• Tue
  • Oct 21, 2014
  • Updated: 10:34pm

Land of despair

PUBLISHED : Saturday, 14 July, 2007, 12:00am
UPDATED : Saturday, 14 July, 2007, 12:00am
 

In the jaunty old logging port of Eureka on the scenic Redwood Coast of northern California, the residents have tastefully restored the historic town centre. Saloons, upmarket restaurants, used bookshops and welcoming coffee outlets dot the town of 27,000, the hub of Humboldt County. In the centre of the blocks of Victorian architecture is the stately Clarke Historical Museum, a gracious, high-ceilinged building filled with native American basketware, colonial furniture, stuffed birds and early paintings by settlers.


There's a solitary 1870s photograph of a Cantonese settler, and no mention of the mass expulsion of all 300 Chinese settlers from Eureka in February 1885, nor of the torching of the block of squalid brothels, laundries and opium dens known as Chinatown.


It wasn't until the 1960s that Chinese began to seep back into Eureka. Today, US census figures show there are a mere 61 Chinese in the community. Chinese parents are still reluctant to send children to Humboldt University.


The 1885 event was no isolated act of racial hatred. In an angry half-century that ran into the 20th century, Chinese were hounded out of hundreds of gold diggings, lumber towns, fishing ports and railway camps. Most of the incidents were violent. Some bore the trappings of law enforcement, some were carried out by masked killers, others were staged under the baleful eye of supposedly respectable townsfolk. Nobody will ever know the final death toll.


It is a story widely known in a hazy way, which has never before been put graphically together. But a full account has now been presented in a powerful academic and historical work. Published two months ago, Driven Out: The Forgotten War Against Chinese Americans by Jean Pfaelzer, makes grim but compelling reading.


My interest in the pogroms was sparked by a paragraph in a guide to Northern California that noted, almost casually, the torching of 'Chinatown City' in the town of Mount Shasta in 1886. 'It was a common story back in those days,' Chinese friends in San Francisco told me. 'But people don't speak about it.'


Arson and gang attacks on Chinese settlements throughout the state were common. California was in ferment, recently seized by the expansive US, half-governed by frontiersmen and merchants on the make, its fast-growing number of inhabitants swollen by hopeful gold diggers, loggers and fishermen.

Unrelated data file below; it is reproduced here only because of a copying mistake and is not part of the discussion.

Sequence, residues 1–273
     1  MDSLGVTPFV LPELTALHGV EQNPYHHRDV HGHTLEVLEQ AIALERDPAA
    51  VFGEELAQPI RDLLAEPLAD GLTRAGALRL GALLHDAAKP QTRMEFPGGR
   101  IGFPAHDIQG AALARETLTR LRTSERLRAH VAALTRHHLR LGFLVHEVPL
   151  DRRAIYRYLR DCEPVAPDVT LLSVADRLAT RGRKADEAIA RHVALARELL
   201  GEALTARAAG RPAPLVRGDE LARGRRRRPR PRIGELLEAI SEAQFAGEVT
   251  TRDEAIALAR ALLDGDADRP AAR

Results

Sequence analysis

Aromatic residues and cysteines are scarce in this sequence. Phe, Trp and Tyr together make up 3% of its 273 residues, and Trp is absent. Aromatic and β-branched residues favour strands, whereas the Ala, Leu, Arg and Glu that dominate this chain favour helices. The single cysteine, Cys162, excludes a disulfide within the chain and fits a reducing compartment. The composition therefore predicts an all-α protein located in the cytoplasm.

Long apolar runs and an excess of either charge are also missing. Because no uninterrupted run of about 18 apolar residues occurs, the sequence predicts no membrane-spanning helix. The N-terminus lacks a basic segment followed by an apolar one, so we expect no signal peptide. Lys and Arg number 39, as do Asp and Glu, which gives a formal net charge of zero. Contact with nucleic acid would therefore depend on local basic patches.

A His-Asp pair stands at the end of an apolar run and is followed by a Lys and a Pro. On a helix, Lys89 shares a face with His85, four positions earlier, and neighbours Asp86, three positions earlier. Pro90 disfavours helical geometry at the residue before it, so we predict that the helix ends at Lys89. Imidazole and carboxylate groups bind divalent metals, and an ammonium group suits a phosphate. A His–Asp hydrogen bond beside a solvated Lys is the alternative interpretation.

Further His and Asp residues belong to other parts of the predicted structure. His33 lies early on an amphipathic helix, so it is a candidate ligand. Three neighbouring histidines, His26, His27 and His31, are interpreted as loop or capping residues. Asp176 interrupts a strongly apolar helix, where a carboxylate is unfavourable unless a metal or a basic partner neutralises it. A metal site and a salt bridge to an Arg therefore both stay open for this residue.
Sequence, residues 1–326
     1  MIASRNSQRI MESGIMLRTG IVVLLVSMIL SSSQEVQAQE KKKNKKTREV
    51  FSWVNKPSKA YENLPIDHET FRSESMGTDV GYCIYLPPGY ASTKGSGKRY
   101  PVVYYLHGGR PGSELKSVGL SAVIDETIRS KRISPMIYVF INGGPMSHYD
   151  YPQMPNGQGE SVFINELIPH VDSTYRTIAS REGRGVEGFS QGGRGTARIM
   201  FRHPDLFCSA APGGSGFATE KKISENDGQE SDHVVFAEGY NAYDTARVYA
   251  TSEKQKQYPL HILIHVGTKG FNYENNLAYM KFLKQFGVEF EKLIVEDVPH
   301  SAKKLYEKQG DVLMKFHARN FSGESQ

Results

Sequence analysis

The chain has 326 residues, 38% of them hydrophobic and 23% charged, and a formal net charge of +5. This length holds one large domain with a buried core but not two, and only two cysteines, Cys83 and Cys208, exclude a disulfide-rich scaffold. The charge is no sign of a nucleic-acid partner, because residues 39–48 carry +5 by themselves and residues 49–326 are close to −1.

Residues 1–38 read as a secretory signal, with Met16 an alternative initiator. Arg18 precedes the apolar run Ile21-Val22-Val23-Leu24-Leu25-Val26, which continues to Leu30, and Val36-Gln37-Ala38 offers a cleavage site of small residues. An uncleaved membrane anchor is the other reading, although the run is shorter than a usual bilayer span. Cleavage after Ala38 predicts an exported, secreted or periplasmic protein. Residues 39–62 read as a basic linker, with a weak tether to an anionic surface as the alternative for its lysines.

It was a period of unrestrained racial hatred. Native Americans were mercilessly enslaved or exterminated, Chilean gold prospectors were forced out at gunpoint and the Chinese were marched out of many towns and told not to return on pain of death.


The violence was not confined to California. There was a fearsome massacre of gold prospectors in a ravine in Oregon, lynchings in Wyoming, and in Washington state Chinese were force-marched out of Tacoma and Seattle.


The incident that started this sorry chapter in US history came when nuggets of pure gold were found in February 1848 in a sawmill in the high Sierra Nevada mountains. Within weeks, this news electrified young men in the British port of Hong Kong, seized seven years earlier, and in the China coast treaty ports.


Shipping companies put up posters in Guangdong villages proclaiming the vast and easy opportunities for those who hunted gold in Kam Shan (Gold Mountain) as California was known. Young men made the Pacific crossing in their thousands.


As early as 1849, writes Professor Pfaelzer, the cry 'California for Americans' boomed over the gold diggers' settlements that dotted the icy rivers and streams flowing down from the northern mountains.


That year came an ominous warning of what the future held for the Chinese who had flocked to Gold Mountain: a mob of white miners in Mariposa County declared that 'any Chinaman who mines for gold must leave on 24 hours notice otherwise the miners will inflict such punishment as they deem proper'.


The battle cry of 'California for Americans' really meant California for working whites. The flood of migrants from the Irish potato famine and political upheavals in the Germanic lands of central Europe saw tens of thousands of hungry white workers arriving at San Francisco and other ports.


They instantly assumed all the rights of white Americans, and often just as swiftly learned to hate Mexicans, Native Americans, blacks, Chileans and Chinese.